Because of the pandemic, just three of the 15 sworn poll workers are willing to work the May 12 election in Thorp, a city of 1,800 in Clark County, Wis., said Marie Karaba, an administrative assistant for the city. Karaba said voter turnout is “absolutely depressed because of this pandemic and also due to this being the only contest on the ballot.”
Said Coenen: “Those clerks, staff, volunteers, poll workers that are manning the polls — they’re going to be at risk twice. That’s pretty heart-wrenching, when you think about it. We are doing our jobs, but we have never faced these types of circumstances.”
Is mail-in voting the answer?
Coenen is recommending that municipal clerks encourage voters to cast absentee ballots to reduce the risks inherent in in-person voting. But without more help — financially and otherwise — clerks in upcoming elections may not be able to manage the “avalanche” of absentee ballots, she said.
An investigation by the Milwaukee Journal Sentinel, the PBS series FRONTLINE and Columbia Journalism Investigations found widespread failures in absentee balloting on April 7, including ballots requested but never received, empty envelopes containing no ballots and multiple ballots sent to the same person.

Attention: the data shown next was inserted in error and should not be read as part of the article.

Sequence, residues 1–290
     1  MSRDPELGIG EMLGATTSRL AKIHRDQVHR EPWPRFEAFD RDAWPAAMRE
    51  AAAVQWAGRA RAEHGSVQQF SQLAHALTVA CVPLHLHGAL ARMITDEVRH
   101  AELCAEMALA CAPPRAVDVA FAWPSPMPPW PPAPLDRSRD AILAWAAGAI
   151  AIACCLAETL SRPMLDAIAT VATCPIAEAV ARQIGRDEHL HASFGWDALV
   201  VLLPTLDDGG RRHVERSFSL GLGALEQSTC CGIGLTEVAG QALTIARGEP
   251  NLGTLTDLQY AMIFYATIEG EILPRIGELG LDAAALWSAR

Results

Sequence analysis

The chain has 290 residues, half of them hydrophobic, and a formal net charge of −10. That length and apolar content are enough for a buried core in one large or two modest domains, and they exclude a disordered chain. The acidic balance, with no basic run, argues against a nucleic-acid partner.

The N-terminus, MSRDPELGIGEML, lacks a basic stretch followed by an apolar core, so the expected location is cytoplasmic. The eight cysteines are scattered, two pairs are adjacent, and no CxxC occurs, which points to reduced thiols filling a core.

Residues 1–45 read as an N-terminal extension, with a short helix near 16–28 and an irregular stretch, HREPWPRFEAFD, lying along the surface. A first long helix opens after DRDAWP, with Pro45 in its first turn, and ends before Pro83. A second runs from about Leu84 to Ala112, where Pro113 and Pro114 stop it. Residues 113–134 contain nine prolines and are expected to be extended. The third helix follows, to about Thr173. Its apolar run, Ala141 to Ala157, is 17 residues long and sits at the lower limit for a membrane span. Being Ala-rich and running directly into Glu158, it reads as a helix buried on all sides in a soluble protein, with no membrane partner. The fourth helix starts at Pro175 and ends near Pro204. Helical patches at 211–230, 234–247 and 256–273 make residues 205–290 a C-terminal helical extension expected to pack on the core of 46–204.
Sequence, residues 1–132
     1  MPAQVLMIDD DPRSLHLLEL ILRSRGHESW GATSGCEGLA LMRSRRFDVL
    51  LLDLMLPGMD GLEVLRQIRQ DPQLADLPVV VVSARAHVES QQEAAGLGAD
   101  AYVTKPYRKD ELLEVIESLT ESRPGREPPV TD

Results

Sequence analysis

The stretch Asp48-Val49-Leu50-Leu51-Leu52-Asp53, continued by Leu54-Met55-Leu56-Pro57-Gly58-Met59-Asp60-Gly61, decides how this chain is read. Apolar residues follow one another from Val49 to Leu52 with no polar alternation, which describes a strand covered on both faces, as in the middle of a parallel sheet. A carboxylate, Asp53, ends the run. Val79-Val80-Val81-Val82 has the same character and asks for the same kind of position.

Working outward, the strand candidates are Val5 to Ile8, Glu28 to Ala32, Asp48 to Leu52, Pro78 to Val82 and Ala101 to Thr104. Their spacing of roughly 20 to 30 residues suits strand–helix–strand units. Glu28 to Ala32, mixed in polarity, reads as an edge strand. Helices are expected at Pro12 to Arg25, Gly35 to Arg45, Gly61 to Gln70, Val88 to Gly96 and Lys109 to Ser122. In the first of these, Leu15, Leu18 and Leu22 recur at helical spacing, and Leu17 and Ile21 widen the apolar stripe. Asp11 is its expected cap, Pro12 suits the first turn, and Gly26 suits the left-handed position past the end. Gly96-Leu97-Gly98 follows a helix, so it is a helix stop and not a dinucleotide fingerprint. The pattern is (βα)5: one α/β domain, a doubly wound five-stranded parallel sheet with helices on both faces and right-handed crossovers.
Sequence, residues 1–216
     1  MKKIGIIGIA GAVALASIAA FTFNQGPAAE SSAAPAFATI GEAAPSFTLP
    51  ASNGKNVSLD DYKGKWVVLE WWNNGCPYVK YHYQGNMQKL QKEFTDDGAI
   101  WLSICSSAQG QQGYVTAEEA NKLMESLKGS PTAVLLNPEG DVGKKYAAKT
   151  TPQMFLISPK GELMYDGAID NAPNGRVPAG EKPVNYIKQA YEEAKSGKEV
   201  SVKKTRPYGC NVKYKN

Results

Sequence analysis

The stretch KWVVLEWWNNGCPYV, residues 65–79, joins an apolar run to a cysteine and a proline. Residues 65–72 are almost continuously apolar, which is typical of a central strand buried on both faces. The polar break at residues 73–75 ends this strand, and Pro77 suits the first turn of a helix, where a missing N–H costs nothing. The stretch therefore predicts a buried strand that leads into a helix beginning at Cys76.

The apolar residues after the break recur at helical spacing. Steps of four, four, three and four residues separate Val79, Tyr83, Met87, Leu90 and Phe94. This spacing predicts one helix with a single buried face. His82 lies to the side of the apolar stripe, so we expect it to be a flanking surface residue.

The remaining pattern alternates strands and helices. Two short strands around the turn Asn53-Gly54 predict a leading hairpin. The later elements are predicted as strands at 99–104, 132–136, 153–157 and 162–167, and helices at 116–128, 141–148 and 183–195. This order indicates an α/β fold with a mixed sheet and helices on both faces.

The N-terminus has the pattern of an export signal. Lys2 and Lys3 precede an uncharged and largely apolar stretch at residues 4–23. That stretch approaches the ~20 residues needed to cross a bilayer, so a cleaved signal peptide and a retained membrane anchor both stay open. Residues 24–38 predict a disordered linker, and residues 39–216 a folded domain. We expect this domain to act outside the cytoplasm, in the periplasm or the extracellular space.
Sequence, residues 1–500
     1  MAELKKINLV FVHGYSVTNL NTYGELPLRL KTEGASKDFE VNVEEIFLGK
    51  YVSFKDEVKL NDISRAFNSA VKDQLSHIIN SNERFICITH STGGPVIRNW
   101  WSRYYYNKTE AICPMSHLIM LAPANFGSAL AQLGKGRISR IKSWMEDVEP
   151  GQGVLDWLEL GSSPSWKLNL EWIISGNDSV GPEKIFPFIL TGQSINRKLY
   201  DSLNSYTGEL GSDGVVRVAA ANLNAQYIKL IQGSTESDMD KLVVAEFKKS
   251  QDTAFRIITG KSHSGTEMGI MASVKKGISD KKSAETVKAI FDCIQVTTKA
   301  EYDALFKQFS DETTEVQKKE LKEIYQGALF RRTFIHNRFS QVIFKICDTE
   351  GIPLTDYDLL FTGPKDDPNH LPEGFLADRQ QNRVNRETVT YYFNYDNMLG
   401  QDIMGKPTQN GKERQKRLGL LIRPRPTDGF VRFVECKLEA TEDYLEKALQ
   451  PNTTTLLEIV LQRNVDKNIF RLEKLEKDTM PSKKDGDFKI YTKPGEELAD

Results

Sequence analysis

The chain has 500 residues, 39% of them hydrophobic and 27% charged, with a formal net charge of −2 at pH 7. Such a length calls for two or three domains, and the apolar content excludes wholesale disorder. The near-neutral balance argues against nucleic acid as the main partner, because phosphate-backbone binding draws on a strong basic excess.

The U.S. Postal Service — which is struggling under the weight of the pandemic — also is investigating why scores of absentee ballots in eastern Wisconsin were sent to the post office but never delivered to voters.
In Coenen’s Waukesha County city, Oconomowoc, 15% of people voted absentee in 2016. In April, that surged to about 85%, she said.
Processing that amount of absentee balloting “is just not anything we’re prepared for,” Coenen said. “We can’t do this every election. It’s just unrealistic.”
In the April election, nearly 4,700 absentee ballots were rejected because they were received by election officials after the April 13 deadline, according to Wisconsin Elections Commission statistics cited in a federal court filing last week by Democrats. And nearly 12,000 absentee ballots that were received were rejected for having insufficient witness certifications — a requirement that was imposed, waived and then reimposed during a last-minute court battle.